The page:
Ancient Greek artists were masters of optical illusion. They used that talent in their art to create beautiful and interesting paintings and statues and buildings.

Ancient Greek artists were very different from artists in other ancient cultures. In ancient Rome, if someone had a big nose, the artist would give him a big nose in the painting or sculpture. The Greeks would never do that. When the Greeks created a statue or painting of a real person, Greek artists created a "look" that somewhat resembled the person, but their appearance was improved, sometimes vastly improved. The artists gave men rippling muscles. They gave women long, flowing hair. Eyes and noses were spaced just right.

The ancient Greeks loved beauty. Their love of beauty was reflected in their art. Be it a vase or a pillar or a statue or a painting or a piece of fabric, the ancient Greeks wanted their art to be visually interesting.

Doric, Ionic, Corinthian

The Greeks were great architects. It was the ancient Greeks who invented 3 types of columns, columns so lovely that their designs are still used by artists today. These beautiful columns could be found all over ancient Greece, even in ancient Sparta. Greek columns held up buildings and rooftops and temples. The Doric column had a very simple design. The Ionic column was known for scrolls. The Corinthian column was very ornate.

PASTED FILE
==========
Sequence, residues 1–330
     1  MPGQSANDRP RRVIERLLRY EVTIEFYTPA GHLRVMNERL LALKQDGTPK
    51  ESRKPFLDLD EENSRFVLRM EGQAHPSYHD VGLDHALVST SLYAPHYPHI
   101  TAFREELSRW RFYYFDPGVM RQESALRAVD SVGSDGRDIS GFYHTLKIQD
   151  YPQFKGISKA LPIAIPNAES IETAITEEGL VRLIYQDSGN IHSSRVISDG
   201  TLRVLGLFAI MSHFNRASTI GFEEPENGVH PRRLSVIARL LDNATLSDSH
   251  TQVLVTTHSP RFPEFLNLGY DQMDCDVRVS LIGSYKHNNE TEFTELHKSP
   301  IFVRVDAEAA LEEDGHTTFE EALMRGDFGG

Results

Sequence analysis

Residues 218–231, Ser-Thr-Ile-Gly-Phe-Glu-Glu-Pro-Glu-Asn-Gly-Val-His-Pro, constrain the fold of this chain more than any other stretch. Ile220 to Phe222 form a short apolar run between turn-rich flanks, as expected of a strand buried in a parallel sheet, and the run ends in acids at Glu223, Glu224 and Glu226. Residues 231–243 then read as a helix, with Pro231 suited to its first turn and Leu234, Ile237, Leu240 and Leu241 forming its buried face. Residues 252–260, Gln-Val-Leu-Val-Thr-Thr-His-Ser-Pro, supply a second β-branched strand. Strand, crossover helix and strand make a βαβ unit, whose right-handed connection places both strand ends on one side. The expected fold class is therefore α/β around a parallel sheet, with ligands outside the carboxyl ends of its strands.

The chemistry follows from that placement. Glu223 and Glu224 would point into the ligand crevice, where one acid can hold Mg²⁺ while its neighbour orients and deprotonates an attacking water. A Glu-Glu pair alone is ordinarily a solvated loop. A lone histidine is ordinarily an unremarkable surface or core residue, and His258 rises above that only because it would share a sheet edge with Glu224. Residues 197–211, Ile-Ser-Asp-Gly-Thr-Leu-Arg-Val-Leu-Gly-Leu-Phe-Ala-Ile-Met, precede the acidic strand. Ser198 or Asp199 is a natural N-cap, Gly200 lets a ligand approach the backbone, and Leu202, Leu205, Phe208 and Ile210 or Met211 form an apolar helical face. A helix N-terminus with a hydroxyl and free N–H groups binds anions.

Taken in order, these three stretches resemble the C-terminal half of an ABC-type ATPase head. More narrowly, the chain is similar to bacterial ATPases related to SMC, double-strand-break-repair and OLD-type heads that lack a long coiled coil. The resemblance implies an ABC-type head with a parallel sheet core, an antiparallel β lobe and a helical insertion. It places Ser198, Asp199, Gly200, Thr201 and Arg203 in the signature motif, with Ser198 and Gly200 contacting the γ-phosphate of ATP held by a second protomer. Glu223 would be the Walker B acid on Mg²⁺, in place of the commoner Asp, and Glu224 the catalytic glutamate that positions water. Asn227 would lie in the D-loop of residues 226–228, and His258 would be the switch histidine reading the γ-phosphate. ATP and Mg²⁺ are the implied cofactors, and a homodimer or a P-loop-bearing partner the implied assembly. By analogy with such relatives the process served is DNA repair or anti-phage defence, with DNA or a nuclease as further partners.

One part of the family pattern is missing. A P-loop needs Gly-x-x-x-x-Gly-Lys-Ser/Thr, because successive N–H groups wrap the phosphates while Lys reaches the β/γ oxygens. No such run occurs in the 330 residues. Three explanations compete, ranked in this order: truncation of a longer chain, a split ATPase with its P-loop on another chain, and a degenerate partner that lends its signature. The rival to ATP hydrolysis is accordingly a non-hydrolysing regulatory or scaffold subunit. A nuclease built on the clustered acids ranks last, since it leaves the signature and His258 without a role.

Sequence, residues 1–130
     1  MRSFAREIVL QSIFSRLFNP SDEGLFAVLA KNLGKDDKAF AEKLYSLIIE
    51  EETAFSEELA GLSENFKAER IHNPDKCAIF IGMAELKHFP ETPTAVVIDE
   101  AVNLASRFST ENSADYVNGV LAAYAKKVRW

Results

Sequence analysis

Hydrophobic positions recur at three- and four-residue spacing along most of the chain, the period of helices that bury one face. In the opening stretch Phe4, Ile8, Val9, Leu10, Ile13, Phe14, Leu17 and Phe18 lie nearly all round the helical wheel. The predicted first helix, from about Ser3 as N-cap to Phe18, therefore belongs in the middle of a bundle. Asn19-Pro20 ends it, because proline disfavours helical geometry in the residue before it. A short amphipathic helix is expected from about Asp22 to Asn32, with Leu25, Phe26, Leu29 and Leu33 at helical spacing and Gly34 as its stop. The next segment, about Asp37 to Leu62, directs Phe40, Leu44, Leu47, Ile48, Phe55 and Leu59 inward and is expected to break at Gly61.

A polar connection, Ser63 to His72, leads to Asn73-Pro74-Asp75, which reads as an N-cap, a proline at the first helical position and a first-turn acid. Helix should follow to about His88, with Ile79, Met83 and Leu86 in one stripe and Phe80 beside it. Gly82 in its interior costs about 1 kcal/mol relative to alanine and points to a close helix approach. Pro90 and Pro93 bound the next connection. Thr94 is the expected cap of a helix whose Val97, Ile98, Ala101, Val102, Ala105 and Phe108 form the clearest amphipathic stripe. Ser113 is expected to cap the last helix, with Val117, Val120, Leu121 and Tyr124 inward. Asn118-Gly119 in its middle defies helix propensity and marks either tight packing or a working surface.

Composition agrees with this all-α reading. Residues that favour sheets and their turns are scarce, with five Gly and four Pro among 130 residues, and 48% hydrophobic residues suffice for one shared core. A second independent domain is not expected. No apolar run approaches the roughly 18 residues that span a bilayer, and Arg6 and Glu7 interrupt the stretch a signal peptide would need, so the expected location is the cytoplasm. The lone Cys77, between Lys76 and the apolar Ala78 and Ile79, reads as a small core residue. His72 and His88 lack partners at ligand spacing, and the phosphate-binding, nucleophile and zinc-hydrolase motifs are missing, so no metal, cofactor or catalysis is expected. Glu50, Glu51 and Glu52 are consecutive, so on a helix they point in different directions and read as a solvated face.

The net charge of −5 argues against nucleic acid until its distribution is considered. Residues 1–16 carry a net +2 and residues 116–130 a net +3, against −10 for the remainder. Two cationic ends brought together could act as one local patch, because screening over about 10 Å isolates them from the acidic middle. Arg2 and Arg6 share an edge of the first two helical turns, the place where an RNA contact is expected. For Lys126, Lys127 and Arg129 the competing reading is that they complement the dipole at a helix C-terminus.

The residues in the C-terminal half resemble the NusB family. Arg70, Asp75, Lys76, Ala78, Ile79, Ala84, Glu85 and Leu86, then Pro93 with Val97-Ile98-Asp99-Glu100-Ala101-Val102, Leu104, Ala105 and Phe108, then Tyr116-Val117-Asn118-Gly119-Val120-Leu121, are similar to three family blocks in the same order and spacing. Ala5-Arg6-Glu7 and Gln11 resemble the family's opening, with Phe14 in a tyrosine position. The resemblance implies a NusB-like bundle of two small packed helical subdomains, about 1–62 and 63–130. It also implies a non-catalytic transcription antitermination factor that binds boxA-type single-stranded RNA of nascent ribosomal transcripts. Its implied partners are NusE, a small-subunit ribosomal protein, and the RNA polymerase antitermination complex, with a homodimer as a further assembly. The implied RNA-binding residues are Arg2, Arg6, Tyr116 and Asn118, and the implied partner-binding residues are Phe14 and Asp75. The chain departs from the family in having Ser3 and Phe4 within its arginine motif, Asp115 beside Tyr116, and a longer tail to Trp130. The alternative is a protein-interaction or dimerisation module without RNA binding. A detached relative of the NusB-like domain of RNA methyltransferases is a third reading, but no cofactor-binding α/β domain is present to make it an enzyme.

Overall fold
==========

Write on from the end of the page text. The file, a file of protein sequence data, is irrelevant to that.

The Greeks were masters of optical illusion. They wanted their columns to provided the support they needed. They also wanted their columns and their buildings to be beautiful. They used optical illusions when constructing their buildings. In reality, Greek pillars might lean this way or that way in order to provide better support, or they might be thicker in the middle, but from a distance, the pillars looked straight and graceful. When constructing a temple, they often leaned their pillars a bit towards the center, to give the temple the appearance of rising towards the heavens.

The Greeks loved to tell stories and loved beauty and grace, cleverness, and muscle. They built all of these things into their art.

This is not animated. Any movement you see is an optional illusion.
If you want it to stop moving, keep your eyes on one spot and see what happens!

Can you see these optional illusions?

Greek Vases and Pottery - Learn more, play games

The Parthenon

Greek Columns - Doric, Ionic, Corinthian

Daedalus builds the Labyrinth (myth)

Elgin Marbles 

QUIZ: Ancient Greek Art (Interactive with answers)